• 16. SC today (Zadeh) Computing with words (CW) ix it D ku Theory of information granulation in (TFIG) R & ra Computational theory of perceptions (CTP) Lak in ch Sa 16
  • 17. Possible SC data & operations Numeric data: ix it D 5, about 5, 5 to 6, about 5 to ku6 Linguistic data: Rin & medium or bad cheap, very big, notahigh, r Functions & L ak relations: n if(x), fairly similar, much greater ch f(x), about Sa 17
  • 18. Neural networks (NN, 1940s)  x it Neural networks offer imethod to D a powerful ku explore, classify, and in patterns in R identify & data. ra  Neurons L ak Neuron: y=Σwixi nInputs Outputs hi (1 layer) c Sa Walter Pitts Warren S. McCulloch 18
  • 19. Machine learning (supervised) ix it  Pattern recognition Orange based u D on training i nk data. R Instructor a & Classification  r Lak supervised by instructor. hi n c  Neural (crisp or? Sa Apple fuzzy), neuro-fuzzy and fuzzy models. 19
  • 20. Machine learning (unsupervised)  ix it Pattern recognitionOrange based u D on training nk data. i Mango  R Classification based & on structure of data ra (clustering). Lak Apple in  No instructor a ch  Neural (crisp or S fuzzy), neuro-fuzzy Labeling and fuzzy models. 20
  • 21. Fuzzy systems (Zadeh, 1960s) (computer environments) ix it Deal with imprecise entities in automated environments D inku Based on fuzzy set theory and fuzzy logic. R Most applications in control and decision making a & r Lak hi n c Sa Omron’s fuzzy processorLotfi A. Zadeh 21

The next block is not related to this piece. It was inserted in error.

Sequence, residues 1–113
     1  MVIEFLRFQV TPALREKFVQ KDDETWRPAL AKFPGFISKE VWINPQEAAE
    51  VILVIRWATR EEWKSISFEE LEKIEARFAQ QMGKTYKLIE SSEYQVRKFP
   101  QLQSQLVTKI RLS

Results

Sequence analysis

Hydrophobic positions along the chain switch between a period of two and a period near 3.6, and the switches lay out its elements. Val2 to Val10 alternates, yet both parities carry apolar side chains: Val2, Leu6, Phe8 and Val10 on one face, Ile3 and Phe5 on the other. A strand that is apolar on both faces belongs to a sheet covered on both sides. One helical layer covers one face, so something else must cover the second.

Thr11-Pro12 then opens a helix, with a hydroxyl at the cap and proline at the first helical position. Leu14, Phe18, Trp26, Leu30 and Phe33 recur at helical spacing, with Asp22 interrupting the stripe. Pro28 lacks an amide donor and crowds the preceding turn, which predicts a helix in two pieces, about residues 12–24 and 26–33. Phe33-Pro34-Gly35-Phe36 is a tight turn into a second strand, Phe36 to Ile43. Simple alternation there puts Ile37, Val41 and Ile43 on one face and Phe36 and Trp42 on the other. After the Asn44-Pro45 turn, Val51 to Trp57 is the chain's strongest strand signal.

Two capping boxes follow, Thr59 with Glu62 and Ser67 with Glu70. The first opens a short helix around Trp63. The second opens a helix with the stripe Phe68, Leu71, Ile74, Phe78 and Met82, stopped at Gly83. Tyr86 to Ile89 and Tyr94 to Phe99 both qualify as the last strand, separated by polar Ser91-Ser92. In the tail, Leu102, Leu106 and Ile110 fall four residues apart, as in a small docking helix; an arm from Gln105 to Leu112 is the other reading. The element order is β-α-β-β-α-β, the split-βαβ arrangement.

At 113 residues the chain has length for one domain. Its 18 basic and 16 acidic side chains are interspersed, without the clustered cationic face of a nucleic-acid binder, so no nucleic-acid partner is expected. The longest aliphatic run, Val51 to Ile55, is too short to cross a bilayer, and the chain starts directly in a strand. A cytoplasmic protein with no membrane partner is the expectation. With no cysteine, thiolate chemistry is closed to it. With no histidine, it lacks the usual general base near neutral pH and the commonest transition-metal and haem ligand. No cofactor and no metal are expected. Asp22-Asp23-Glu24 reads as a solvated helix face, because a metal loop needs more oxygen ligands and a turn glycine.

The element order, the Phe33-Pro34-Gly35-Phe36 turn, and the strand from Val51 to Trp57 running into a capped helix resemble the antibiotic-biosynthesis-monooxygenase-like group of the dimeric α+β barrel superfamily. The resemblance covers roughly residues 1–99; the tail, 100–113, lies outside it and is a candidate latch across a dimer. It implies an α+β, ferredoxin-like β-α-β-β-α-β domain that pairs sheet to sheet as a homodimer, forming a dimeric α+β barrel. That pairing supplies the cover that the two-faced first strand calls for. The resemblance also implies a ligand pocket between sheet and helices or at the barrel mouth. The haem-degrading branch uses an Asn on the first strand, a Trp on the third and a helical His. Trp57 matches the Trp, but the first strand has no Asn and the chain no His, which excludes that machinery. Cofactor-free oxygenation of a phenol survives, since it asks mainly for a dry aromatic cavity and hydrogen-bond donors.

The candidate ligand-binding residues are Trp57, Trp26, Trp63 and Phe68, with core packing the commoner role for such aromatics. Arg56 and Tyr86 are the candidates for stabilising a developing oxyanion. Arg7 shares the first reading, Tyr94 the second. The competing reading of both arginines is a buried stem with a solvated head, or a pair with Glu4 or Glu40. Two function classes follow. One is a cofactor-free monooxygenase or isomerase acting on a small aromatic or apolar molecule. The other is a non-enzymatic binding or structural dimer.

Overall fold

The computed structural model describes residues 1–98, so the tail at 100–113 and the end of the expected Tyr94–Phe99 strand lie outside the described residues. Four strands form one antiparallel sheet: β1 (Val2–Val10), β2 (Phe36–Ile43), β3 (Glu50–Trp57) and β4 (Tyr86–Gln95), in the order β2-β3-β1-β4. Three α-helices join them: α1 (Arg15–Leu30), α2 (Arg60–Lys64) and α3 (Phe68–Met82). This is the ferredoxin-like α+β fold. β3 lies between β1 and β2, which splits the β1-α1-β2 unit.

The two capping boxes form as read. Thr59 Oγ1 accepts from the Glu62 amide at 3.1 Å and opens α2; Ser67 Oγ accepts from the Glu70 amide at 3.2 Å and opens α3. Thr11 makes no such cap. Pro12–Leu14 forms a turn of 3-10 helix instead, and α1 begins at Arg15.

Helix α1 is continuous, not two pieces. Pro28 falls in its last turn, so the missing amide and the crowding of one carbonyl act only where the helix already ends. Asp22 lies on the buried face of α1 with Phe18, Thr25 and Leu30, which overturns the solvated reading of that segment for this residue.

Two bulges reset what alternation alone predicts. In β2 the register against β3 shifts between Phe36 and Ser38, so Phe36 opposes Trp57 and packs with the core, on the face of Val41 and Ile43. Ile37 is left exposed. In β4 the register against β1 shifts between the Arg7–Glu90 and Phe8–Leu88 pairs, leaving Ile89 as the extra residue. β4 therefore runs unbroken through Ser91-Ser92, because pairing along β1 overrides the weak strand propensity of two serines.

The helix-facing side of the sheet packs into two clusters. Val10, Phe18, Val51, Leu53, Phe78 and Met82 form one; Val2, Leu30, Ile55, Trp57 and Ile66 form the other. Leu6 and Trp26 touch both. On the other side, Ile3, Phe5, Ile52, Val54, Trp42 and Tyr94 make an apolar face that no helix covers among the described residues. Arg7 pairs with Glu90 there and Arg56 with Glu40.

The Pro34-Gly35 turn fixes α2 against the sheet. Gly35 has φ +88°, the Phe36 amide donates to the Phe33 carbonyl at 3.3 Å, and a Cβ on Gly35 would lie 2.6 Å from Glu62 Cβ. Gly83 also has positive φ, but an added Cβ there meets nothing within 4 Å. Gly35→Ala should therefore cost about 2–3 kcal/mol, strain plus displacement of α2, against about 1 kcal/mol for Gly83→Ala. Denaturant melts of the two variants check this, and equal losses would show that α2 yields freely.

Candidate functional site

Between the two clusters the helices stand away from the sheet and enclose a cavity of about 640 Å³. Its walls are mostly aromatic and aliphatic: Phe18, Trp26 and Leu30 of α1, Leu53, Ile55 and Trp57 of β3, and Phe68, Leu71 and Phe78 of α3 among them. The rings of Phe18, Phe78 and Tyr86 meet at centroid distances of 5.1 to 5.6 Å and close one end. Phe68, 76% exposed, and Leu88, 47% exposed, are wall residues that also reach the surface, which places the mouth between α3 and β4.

• 22. SC applications: control  Heavy industry ix it  Matsushita, Siemens  robotic arms, humanoid robots  u D Home appliances  k  Canon, Sony, Goldstar, Siemens n refrigerators, iAutomobiles cameras washing machines, ACs, R  a &  Nissan, Mitsubishi, Daimler- r Chrysler, BMW, Volkswagen Lak  Travel Speed Estimation, Sleep Warning Systems, Driver-less cars hi n  Spacecrafts  NASA cSa  Manoeuvering of a Space Shuttle(FL), Optimization of Fuel- efficient Solutions for a Manoeuvre(GA), Monitoring and Diagnosis of Degradation of Components and Subsystems(FL), Virtual Sensors(ANN) 22
  • 23. SC applications: business supplier evaluation for  hospital stay ix it prediction, D kusample testing,  TV commercial slot customer targeting, sequencing, R in matching, evaluation,  address scheduling, & fuzzy cluster analysis, a  r optimizing R&D projects, Lak  sales prognosis for mail order house, knowledge-based hi n (source: FuzzyTech) cprognosis,Sa fuzzy data analysis 23
  • 24. SC applications: finance Fuzzy scoring for mortgage applicants, ix it creditworthiness assessment, D ku fuzzy-enhanced score card for lease risk assessment, in risk profile analysis, R insurance fraud detection, a & r ak cash supply optimization, L hi n foreign exchange trading, c Sa insider trading surveillance, investor classification etc.Source: FuzzyTech 24